The Tessellated Pavement
Geologically, the Tasman Peninsula is home to a number of Tasmania’s top natural wonders; with much of the peninsula is protected as national park, given its beauty and natural diversity. Most famously, the peninsula is known for the World Heritage Port Arthur Historic Site and the spectacular coastal environment.
Sea cliffs that soar 300 metres high and a number of fascinating coastal rock formations such the Blow Hole, Tasman Arch, Devil’s Kitchen, Remarkable Cave, Waterfall Bay are worth visiting, as is the very popular Tessellated Pavement.
160 million years is how long it could have taken to create the Tessellated Pavement.⠀Located on the Tasman Peninsula, this amazing geological wonder consists of silt stone that has cracked under stress over a very, very long time.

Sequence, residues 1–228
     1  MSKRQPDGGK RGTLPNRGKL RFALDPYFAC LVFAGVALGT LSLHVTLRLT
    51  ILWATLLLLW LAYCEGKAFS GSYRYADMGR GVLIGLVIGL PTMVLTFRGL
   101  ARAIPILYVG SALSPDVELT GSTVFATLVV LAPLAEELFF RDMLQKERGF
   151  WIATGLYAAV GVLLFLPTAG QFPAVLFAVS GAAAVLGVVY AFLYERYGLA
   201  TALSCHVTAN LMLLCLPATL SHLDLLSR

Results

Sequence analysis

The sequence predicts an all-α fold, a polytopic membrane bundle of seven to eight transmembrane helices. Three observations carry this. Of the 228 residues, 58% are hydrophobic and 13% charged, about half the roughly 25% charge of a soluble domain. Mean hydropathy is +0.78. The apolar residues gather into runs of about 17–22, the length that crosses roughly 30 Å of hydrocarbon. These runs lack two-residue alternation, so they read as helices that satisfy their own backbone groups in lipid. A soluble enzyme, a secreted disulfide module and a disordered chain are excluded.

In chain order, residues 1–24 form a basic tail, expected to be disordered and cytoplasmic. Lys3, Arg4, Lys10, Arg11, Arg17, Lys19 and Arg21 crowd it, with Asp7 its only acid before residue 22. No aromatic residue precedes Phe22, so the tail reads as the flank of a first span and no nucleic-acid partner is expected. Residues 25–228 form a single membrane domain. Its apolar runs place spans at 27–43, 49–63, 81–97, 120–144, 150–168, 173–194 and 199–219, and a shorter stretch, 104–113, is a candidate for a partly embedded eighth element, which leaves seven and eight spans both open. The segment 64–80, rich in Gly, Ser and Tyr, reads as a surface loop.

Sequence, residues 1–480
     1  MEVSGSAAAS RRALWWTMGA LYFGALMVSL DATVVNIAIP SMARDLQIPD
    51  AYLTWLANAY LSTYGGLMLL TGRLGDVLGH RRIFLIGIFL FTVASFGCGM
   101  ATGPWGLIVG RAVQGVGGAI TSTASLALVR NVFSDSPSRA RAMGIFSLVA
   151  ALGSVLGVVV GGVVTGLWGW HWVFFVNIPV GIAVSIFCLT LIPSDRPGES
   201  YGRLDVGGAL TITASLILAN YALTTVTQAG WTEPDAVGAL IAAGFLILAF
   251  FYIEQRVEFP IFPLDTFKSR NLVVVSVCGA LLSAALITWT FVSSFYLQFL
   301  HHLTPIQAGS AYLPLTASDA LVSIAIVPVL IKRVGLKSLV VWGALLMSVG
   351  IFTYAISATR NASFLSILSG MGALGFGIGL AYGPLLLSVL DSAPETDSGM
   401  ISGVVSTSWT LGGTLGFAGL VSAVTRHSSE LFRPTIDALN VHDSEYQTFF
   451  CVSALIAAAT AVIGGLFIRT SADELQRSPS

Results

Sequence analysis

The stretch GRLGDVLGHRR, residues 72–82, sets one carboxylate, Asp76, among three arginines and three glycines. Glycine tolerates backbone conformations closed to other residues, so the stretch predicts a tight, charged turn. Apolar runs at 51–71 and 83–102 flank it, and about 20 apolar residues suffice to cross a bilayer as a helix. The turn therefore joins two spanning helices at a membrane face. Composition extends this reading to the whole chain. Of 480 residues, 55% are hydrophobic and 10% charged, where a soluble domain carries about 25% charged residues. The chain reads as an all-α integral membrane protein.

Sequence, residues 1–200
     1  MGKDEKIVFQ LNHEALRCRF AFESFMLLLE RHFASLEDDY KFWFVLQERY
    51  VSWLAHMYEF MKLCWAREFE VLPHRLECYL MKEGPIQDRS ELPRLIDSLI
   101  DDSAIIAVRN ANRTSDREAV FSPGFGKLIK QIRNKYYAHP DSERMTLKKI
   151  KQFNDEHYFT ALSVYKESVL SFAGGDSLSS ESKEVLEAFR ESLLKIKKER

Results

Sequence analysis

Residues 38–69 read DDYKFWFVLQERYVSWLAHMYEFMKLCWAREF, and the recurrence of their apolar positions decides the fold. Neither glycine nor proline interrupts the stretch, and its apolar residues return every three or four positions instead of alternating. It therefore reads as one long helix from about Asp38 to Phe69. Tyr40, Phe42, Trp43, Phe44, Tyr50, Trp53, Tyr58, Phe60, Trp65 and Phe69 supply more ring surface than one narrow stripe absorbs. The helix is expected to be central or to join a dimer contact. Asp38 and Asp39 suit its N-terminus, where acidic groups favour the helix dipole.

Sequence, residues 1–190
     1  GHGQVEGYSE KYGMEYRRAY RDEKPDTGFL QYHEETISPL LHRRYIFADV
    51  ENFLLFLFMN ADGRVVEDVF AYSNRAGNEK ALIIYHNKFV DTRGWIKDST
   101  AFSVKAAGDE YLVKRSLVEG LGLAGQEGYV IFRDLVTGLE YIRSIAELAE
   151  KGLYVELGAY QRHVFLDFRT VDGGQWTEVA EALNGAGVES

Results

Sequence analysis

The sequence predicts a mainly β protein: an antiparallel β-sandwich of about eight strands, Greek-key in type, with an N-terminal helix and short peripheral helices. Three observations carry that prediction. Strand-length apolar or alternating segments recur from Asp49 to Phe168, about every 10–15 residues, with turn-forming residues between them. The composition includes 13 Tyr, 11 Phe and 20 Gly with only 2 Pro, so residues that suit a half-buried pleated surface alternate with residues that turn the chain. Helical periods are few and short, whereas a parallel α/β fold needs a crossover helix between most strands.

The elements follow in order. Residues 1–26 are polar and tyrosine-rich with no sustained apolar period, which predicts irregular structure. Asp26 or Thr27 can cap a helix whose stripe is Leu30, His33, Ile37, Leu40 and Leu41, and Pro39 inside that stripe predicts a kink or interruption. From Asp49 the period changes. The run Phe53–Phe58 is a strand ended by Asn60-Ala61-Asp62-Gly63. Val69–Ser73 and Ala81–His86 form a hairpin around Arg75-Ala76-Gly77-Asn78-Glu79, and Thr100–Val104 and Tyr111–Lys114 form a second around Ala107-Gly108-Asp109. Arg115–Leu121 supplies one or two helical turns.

The smooth pan and loaf like appearances have been created by sand, sea salt and water eroding the surface, ridges or cracks. This happens with each changing tide and heat from the sun.⠀
The Peninsula's geological marvels, such as the Tasman Arch, Devils Kitchen and The Blowhole date back approximately 260 million years! Don’t forget to tell the kids that these places were here before the dinosaurs came! ⠀
So, if your taking the family to Port Arthur be sure to stop in and see these amazing wonders along the way. Also, keep your eyes open for animals including the brush tail possum, wallabies, wombats, bandicoots, Australian fur seals, penguins, dolphins and migrating whales as well as the endangered swift parrot and many forest-dwelling birds.
You may also see endangered wedge-tailed eagles and sea eagles overhead.